One way to do that, aruges Piff, is through volunteering, which encourages contact between people of different backgrounds. Research suggests that this kind of contact can make it easier to identify with people from whom we’re often divided, whether by race, ethnicity, or social class. On the other hand, feeling isolated from other people and more focused on yourself is what stunts pro-social behavior.

In other words, insularity is an enemy of empathy.

“The rich aren’t bad people, they just live in insular worlds,” Piff says. “If you can do things to make your world less insular—which could be what you read, who you fraternize with—then you’re going to open yourself up to developing skills that contribute to a happy life.”

Indeed, a new study by the Chronicle of Philanthropy found that wealthier Americans donate a significantly smaller percentage of their income to charity than do the middle class, and when a high number of rich people are clustered in one neighborhood, that community’s giving rate is even lower. However, when they live in more socioeconomically diverse areas, the rich become more charitable.

Of course another approach to reducing the empathy gap is to target inequality directly. How to do that is a matter of partisan debate. Conservative proposals focus more on breaking down cultural class divides, such as Coming Apart author Charles Murray’s suggestion to eliminate unpaid internships and Senator John McCain’s call for a national service corps that makes people of different social classes work together in the same way that military conscription once did.

Liberals, on the other hand, emphasize redistributing wealth and increasing the welfare of the less affluent, through progressive taxation or corporate policies that prevent top earners from taking home too great a share of their company’s profits.

Ultimately, argues Piff, hierarchies are a part of life, and eliminating inequality isn’t a realistic goal. What really matters for the happiness of the rich, the poor, and everyone in between is to prevent the kind of gross social stratification we’re seeing in theUnited Statestoday.

“Runaway inequality makes it harder for people to relate to those who have different backgrounds from themselves,” he says. “But if you’re able to reduce the extremes that exist between the haves and the have-nots, you’re going to go a long way toward closing the compassion and empathy gap.”

So where does that leave Mitt Romney? The empathy gap has not been good for his campaign: A new Pew Research Center poll shows that he trails President Obama by eight percentage points—and 43 points in the area of “connects well with ordinary Americans.” For his own sake, Romney might do well to address inequality.

http://greatergood.berkeley.edu/article/item/why_inequality_is_bad_for_the_one_percent

Compassion and empathy

“Compassion is the glue holding the world together.” Joan Chittister, August 3, 2009 benetvision@benetvision.orgLos Angeles Times

The Power of Compassion — Karen Armstrong Moyers Moment, March 13, 2009 -  “My work has continually brought me back to the notion of compassion. Whichever religious tradition I study, I find at the heart of it is the idea of feeling with the other, experiencing with the other, compassion. And every single one of the major world religions has developed its own version of the Golden Rule. Don’t do to others what you would not like them to do to you….We’ve got to do better than this. Compassion doesn’t mean feeling sorry for people. It doesn’t mean pity. It means putting yourself in the position of the other, learning about the other. Learning what’s motivating the other, learning about their grievances.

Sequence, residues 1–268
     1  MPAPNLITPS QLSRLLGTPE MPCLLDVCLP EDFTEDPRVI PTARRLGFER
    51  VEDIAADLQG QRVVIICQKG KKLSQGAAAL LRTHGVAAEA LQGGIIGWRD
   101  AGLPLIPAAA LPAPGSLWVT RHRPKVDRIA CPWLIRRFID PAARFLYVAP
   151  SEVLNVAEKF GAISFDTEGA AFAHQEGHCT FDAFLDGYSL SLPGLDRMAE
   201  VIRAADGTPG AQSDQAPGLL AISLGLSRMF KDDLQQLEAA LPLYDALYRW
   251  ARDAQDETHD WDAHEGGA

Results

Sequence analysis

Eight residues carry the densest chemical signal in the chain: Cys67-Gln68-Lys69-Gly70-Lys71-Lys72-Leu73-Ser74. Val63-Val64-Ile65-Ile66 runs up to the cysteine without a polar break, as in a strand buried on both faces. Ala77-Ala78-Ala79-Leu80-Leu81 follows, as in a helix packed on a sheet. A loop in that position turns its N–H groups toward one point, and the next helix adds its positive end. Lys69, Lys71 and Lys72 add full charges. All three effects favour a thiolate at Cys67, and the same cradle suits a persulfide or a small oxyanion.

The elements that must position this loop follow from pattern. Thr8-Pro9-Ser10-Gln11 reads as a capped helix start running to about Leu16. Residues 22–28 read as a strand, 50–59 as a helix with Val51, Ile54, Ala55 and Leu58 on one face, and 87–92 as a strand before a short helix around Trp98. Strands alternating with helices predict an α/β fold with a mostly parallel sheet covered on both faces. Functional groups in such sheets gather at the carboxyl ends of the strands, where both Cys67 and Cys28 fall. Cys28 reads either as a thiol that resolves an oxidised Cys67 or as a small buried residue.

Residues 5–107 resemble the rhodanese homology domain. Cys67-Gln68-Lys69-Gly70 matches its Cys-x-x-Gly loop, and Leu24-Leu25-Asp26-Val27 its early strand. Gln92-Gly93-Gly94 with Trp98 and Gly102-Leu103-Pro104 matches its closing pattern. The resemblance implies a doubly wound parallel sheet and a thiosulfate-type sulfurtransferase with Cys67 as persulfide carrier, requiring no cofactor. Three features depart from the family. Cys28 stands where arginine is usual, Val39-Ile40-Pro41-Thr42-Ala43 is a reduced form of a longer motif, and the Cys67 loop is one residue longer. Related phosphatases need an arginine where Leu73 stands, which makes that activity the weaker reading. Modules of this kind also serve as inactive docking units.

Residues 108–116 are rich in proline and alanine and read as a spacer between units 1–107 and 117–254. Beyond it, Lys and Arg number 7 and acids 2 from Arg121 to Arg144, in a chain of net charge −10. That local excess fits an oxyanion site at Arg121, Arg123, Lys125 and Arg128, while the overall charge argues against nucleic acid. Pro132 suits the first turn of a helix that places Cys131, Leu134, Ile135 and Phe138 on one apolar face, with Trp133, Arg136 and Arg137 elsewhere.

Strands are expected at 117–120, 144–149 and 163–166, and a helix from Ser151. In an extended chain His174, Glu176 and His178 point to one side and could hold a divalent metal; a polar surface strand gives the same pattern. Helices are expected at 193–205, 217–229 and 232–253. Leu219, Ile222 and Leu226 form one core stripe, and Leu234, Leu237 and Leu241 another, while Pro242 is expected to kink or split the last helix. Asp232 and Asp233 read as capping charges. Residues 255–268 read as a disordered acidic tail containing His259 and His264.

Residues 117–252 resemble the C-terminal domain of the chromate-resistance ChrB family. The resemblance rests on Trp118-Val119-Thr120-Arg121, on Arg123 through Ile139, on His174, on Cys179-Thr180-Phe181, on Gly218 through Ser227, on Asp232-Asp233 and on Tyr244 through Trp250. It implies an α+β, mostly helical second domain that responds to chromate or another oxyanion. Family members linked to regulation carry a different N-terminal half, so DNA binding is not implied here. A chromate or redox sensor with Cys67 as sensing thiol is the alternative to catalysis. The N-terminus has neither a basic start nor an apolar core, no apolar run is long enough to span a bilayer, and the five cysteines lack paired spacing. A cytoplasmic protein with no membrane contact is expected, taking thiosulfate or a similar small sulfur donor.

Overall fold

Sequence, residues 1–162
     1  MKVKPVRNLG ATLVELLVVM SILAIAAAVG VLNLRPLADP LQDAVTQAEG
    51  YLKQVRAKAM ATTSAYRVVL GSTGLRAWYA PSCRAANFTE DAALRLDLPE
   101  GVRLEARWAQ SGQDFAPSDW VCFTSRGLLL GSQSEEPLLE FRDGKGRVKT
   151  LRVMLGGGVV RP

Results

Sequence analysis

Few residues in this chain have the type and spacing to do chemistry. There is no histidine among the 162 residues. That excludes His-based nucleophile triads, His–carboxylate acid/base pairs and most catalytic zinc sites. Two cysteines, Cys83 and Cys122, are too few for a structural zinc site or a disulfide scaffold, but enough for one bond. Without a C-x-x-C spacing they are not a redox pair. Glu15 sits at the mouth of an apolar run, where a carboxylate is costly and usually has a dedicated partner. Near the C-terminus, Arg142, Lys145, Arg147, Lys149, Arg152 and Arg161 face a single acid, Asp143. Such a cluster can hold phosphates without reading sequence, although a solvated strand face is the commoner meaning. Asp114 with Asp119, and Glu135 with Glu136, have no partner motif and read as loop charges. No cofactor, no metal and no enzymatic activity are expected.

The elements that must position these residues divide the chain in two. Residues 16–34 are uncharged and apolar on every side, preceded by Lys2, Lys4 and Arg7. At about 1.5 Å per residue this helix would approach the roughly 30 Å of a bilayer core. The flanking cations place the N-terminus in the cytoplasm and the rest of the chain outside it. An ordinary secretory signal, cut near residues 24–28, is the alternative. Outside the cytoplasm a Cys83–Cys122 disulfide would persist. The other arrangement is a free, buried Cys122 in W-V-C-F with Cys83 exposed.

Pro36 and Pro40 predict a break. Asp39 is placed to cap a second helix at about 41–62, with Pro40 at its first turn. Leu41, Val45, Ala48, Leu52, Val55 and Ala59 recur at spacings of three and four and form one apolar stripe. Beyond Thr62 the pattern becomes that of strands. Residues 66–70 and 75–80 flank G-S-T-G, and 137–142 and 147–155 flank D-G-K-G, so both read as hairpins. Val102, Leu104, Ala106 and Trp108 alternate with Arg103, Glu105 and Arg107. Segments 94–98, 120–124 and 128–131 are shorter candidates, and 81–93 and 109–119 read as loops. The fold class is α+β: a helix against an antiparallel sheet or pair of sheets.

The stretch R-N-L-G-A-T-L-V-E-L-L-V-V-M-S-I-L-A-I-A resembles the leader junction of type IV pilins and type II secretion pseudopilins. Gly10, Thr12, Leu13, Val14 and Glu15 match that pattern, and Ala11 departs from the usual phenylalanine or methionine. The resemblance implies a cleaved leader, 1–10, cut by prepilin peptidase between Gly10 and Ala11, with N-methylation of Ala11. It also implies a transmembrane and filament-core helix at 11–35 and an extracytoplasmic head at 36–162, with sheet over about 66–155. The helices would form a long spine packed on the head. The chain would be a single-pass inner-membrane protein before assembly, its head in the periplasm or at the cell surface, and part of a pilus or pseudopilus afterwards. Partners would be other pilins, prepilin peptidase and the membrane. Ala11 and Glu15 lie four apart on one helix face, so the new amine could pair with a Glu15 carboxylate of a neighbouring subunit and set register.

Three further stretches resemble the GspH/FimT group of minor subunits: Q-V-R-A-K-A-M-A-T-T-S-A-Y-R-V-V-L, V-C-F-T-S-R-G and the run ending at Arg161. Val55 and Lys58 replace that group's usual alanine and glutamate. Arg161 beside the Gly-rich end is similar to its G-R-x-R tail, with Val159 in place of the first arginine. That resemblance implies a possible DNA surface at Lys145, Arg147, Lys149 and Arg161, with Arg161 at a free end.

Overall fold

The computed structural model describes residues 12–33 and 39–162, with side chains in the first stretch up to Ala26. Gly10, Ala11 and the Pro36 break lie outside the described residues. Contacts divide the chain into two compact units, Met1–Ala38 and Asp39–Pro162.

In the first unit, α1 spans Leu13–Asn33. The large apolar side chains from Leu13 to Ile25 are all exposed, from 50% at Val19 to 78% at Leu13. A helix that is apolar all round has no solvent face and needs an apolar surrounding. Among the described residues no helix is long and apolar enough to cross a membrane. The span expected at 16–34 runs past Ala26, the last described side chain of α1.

The Empathic Civilization by Jeremy Rifkin, Interview by Amanda Gefter, New Scientist.com, February 17, 2010 0 …before we can save ourselves from climate change we have to break a vicious circle and embrace a new model of society based on scientists’ new understanding of human nature…We have to think deeper, to think as a human family… Empathy is the invisible social glue that allows a complex individuated society to remain integrated…

Why is the Charter for Compassion so Important? by Karen Armstrong, Huffington Post.com, November 18, 2008 – … at the core of every single one of the world religions is the virtue of compassion…Each one of the world religions has developed its own version of the Golden Rule — Do not treat others as you would not like to be treated yourself — and maintained that this is the prime religious duty… wherever I go — east or west — I find that people are longing for a more compassionate world. The aim of the Charter for Compassion is to change the conversation, make it cool to be compassionate, and bring the Golden Rule back to the center of religious life…We need to implement the Golden Rule globally, so that we only treat other nations as we would wish to be treated ourselves. We need a global democracy, where everybody’s voice is heard with sympathy and absolute respect. Any ideology — religious or secular — that breeds hatred or contempt is failing the test of our time, because if we do not build a more compassionate global community it is unlikely that we will have a viable world to hand on to the next generation.

The Empathy Ceiling: The Rich Are Different — And Not In a Good Way by Brian Alexander, MSNBC, August 10, 2011

Where are the compassionate conservatives? by Eugene Robinson, Washington Post, September 15, 2011

Why Don’t We Have a National Narrative of Empathy? by Ira Chermus, History News Network/Truthout.org, June 11, 2010

The Compassionate Instinct by Dacher Keltner, GreaterGoodScienceCenter, Spring 2004

Change Agent Karen Arm­strong argues for prac­ti­cal com­pas­sion — inter­view with Heidi Bruce,  published in YES! Mag­a­zine, posted on Chris­t­ian Sci­ence, April 17, 2012

The Charter for Compassion